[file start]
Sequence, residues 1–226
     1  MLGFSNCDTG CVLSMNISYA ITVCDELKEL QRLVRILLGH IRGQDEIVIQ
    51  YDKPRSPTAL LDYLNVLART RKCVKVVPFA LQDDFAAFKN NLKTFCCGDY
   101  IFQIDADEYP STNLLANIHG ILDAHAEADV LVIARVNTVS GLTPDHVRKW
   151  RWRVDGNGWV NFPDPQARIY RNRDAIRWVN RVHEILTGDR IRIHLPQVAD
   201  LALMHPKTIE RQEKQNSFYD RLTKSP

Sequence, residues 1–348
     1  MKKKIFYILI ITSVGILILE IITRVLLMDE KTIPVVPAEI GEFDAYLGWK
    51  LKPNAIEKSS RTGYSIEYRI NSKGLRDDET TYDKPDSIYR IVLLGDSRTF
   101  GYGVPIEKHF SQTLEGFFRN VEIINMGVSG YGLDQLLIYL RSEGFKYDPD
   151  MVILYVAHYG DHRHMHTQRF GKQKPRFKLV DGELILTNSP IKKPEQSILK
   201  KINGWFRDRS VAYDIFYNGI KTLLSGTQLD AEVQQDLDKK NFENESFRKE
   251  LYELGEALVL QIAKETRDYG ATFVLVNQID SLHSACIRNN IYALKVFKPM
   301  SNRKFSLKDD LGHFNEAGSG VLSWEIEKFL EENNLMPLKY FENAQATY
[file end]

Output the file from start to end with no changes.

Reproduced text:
Sequence, residues 1–226
     1  MLGFSNCDTG CVLSMNISYA ITVCDELKEL QRLVRILLGH IRGQDEIVIQ
    51  YDKPRSPTAL LDYLNVLART RKCVKVVPFA LQDDFAAFKN NLKTFCCGDY
   101  IFQIDADEYP STNLLANIHG ILDAHAEADV LVIARVNTVS GLTPDHVRKW
   151  RWRVDGNGWV NFPDPQARIY RNRDAIRWVN RVHEILTGDR IRIHLPQVAD
   201  LALMHPKTIE RQEKQNSFYD RLTKSP

Sequence, residues 1–348
     1  MKKKIFYILI ITSVGILILE IITRVLLMDE KTIPVVPAEI GEFDAYLGWK
    51  LKPNAIEKSS RTGYSIEYRI NSKGLRDDET TYDKPDSIYR IVLLGDSRTF
   101  GYGVPIEKHF SQTLEGFFRN VEIINMGVSG YGLDQLLIYL RSEGFKYDPD
   151  MVILYVAHYG DHRHMHTQRF GKQKPRFKLV DGELILTNSP IKKPEQSILK
   201  KINGWFRDRS VAYDIFYNGI KTLLSGTQLD AEVQQDLDKK NFENESFRKE
   251  LYELGEALVL QIAKETRDYG ATFVLVNQID SLHSACIRNN IYALKVFKPM
   301  SNRKFSLKDD LGHFNEAGSG VLSWEIEKFL EENNLMPLKY FENAQATY